Ten kitchen tools to make cooking easier


Fed up of novelty kitchen gadgets? Hrishikesh Desai, the former National Chef of the Year and Roux Scholar of the Year, picks the ten kitchen accessories that every home should have. Desai is Director of the new Lucknam Park Cookery School that opens on 19 November 2012 offering courses on Christmas baking, Michelin starred cooking and Indian street food.

  1. Robert Welch knife sharpener: I sharpen my home knives every Sunday with the Robert Welch roller. It has ceramic wheels set at the optimum sharpening angle. Hand-held knife steels are ok but it’s harder to maintain the precision angle. Weekly sharpening makes cooking so much easier and faster.
  2. Raymond Blanc saucepans for Analon: You can’t cook well without good quality pots and pans that retain heat well. I’ve tested plenty and I like those at Marks & Spencer, John Lewis and Raymond Blanc pans. Choose non-stick and sauté pans for sweating or tossing vegetables. Cheaper pans warp and will not stay non-stick.
  3. Kenwood food processor: Find one with as many attachments as possible. I bought mine for £90 to practice for the National Chef of the Year competition 2010. It did the job well! Now it does everything from baby purees and curry spice mixtures to chicken mousse (for which you need a strong machine) and the initial stage of kneading pasta (to be hand-finished).
  4. KitchenAid planetary mixer: This is like Alice in Wonderland; when you have a KitchenAid, you can do whatever you want. It can do creams, mousses, breads, cakes, and meringues for macaroons or Eton Mess. You can even do bread with one – I don’t believe in bread makers because there is so much satisfaction in doing it alone.
  5. Electric weighing scales that measure up to 6kg. These are not that costly - £25 will get you a good weighing scales. I prefer electric scales that help with your calculations. They are an essential for making pastry.
  6. John Lewis hardwood chopping board, without which you can do nothing. They are not cheap, around £25, but it does what you want. It’s easy to clean, will not stain and most importantly, will not retain old flavours. I do not recommend plastic chopping boards because they absorb flavours and stain.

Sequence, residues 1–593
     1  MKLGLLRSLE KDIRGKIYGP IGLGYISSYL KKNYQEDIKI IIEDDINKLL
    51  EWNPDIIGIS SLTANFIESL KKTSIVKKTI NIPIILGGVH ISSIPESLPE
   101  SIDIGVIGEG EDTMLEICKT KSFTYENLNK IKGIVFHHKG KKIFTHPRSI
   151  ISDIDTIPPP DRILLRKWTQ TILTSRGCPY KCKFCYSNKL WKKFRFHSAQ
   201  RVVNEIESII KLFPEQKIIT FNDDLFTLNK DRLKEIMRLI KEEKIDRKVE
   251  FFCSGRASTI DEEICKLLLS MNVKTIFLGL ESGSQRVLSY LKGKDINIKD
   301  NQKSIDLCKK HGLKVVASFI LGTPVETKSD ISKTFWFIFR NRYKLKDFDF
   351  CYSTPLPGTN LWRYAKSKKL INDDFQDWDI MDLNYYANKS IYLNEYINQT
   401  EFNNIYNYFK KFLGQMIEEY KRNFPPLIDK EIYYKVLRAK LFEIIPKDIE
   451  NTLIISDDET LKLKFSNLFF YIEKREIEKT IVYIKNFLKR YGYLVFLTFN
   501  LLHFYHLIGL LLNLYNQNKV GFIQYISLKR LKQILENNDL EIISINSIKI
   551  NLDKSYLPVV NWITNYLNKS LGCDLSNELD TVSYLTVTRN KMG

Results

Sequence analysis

7. Wooden rolling pin: These are versatile. They are good for making brandy snaps at an angle and decorating deserts.
  8. Measuring jugs and measuring scales: Use the right amount in your recipe. Whether it’s a teaspoon or tablespoon, don’t just throw it in.
  9. CuisinArt electric kettle: Measure the right amount of water in your kettle, and then boil it. I always cook rice by absorption method to make it sweeter with a better flavour. You need 200ml water to cook 100g rice. At home, I use an old-fashioned looking CuisinArt kettle. Avoid very cheap kettles that have a high chance of blowing up.
  10. IKEA glass mixing bowls: Use glass, not steel mixing bowls because metal reacts with different oils and can be scratched by a whisk. IKEA has stunning glass bowls that are very cheap. The smallest can cost 42p and the large one is £1.08. Make sure they stack as you will need six to eight bowls of each size (small, medium and large). The small is for pre-preparation, medium bowls for storing ingredients and large bowls are for tossing salads or marinating.


Annie Deakin is interiors writer for sofa and interior design website mydeco.com.

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